CNN Reveals Anti-Abstinence Bias in Report on Palin's Daughter
CNN correspondent Kyra Phillips used a report on the "hometown reaction" to the news of Sarah Palin's pregnant teenaged daughter during today's "American Morning" to highlight the need for sex-education in schools. Phillips noted, "But to some, the 17-year-old's pregnancy is a political issue. Her mother supports strong family values and teaching abstinence, but not sex education in schools. Abortion rights activists say they won't comment on Bristol's case, but it does underscore the need for teaching teenagers about sex."
After a positive sound bite from Barack Obama and another from a Republican Alaskan state senator, Phillips allowed the anti-abstinence bias to shine through.
When asked by Phillips, "why not support abstinence-only?" Geran Tarr of the Alliance for Reproductive Justice stated, "It doesn't educate teenagers about how to prevent STD transmission." No proponents of abstinence-only education appeared during the segment to counter Tarr's claim and Phillips herself failed to challenge Tarr on his assertion. Instead, Phillips again stressed the need for sex education by stating, "Alaska has one of the highest teenage rates of sexually transmitted diseases in the country although the rate of teenage pregnancies has dropped sharply."
The transcript of the segment that aired at 6:18 AM appears below:
KIRAN CHETRY: Well, personal news blending with presidential politics. Senator John McCain's running mate announcing that her teenage daughter is pregnant. Sarah Palin says that her daughter has their family's unconditional love and support in her decision to keep the baby and marry the father. The Obama camp says the matter is off the table as a campaign issue. CNN's Kyra Phillips is in Anchorage, Alaska with hometown reaction and what if anything it could mean for the Republican ticket.
KYRA PHILLIPS, CNN CORRESPONDENT: John and Kiran, we were sent here to investigate the background of Governor Sarah Palin. And I can tell you in less than a day on the ground, politics turned personal. 17-year-old Bristol is Governor Palin's oldest daughter -- a high school senior. She's been seen at campaign events in the last few days holding her baby brother, Trig. What we didn't know then, she's five months pregnant.
The father's name is Levi and they intend to marry. The parents issued this statement. "We're proud of Bristol's decision to have her baby and even prouder to become grandparents. As Bristol faces the responsibilities of adulthood, she knows she has our unconditional love and support." Prominent Republicans in Alaska and beyond have been just as supportive.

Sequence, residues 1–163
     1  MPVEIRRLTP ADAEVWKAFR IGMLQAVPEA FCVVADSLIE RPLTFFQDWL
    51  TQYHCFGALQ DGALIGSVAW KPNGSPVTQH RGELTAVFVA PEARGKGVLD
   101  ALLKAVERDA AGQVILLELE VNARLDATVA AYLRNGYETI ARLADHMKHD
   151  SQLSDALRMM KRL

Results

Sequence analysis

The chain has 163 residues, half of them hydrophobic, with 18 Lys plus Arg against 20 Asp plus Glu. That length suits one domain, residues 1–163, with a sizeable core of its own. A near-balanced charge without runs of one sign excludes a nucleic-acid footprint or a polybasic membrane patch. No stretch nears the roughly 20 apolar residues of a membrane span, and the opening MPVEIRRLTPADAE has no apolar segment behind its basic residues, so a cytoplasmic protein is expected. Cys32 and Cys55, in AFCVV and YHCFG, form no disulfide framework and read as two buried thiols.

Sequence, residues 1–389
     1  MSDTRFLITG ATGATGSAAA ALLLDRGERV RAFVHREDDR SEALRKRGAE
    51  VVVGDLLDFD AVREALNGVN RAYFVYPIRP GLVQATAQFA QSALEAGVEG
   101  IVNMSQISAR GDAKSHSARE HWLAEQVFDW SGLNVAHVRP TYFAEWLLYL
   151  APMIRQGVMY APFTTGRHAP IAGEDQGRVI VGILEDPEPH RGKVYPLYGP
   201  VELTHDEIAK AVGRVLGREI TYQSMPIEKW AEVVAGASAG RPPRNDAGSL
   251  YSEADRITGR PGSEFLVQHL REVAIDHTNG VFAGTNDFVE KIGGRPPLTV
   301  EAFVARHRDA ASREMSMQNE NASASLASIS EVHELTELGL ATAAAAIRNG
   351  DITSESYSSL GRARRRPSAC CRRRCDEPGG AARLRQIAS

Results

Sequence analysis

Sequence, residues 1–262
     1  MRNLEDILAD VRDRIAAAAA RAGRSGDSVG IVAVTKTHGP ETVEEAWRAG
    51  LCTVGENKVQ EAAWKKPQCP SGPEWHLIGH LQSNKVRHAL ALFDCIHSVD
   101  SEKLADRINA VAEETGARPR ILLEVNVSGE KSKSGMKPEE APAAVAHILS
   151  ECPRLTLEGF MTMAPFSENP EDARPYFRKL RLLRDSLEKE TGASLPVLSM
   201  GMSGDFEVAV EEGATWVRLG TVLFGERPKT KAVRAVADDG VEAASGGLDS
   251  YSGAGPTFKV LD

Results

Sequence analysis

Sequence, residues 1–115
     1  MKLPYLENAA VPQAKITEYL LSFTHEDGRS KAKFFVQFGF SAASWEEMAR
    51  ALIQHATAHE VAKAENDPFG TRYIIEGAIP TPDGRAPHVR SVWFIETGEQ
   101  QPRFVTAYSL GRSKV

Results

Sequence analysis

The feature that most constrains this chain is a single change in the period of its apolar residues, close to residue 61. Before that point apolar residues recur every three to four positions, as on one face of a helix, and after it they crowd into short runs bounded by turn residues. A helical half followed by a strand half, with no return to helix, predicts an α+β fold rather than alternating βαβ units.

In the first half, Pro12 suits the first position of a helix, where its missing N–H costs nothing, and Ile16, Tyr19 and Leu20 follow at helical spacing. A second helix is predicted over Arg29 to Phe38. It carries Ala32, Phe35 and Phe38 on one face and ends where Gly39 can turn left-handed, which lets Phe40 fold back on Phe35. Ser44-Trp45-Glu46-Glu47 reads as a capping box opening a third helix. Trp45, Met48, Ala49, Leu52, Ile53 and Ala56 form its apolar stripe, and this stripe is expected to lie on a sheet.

FRED DYSON (R), ALASKA STATE SENATE: She's a human being like everybody else and it certainly doesn't mean that your kids are. To me it makes them more human. And my guess is that's how the public is going to react.
PHILLIPS: Aides to Senator John McCain say he was aware of Bristol's pregnancy even before he chose her mother for his running mate and didn't even consider it relevant. Nor does Democratic nominee Barack Obama.
SEN. BARACK OBAMA (D), PRESIDENTIAL CANDIDATE: I said before and I will repeat again, I think people's families are off limits. And people's children are especially off limits.
PHILLIPS: But to some, the 17-year-old's pregnancy is a political issue. Her mother supports strong family values and teaching abstinence, but not sex education in schools. Abortion rights activists say they won't comment on Bristol's case, but it does underscore the need for teaching teenagers about sex.
GERAN TARR, ALLIANCE FOR REPRODUCTIVE JUSTICE: Even in the best of circumstances with the best family and a loving family where they've probably had the conversation that this type of thing can happen unexpectedly.
PHILLIPS: Why not support abstinence only?
TARR: It doesn't educate teenagers about how to prevent STD transmission.
PHILLIPS: According to Tarr, Alaska has one of the highest teenage rates of sexually transmitted diseases in the country although the rate of teenage pregnancies has dropped sharply. We asked a man who knows Governor Palin well. Can she juggle being a mom and vice president of the United States?
DYSON: She's a very capable person and very bright and tough, and without being abrasive. And I don't know whether she can do it or not. Time will tell.
PHILLIPS: Now the unknown. Will the revelation of Bristol's pregnancy impact the McCain campaign, if at all? And investigation number two, "Troopergate." Did Governor Palin use her political power to try and fire her former brother-in-law? The McCain camp is still adamant that she's done nothing wrong. John, Kiran.
ROBERTS: Kyra Phillips reporting for us this morning from Anchorage, Alaska. Kyra, thanks so much.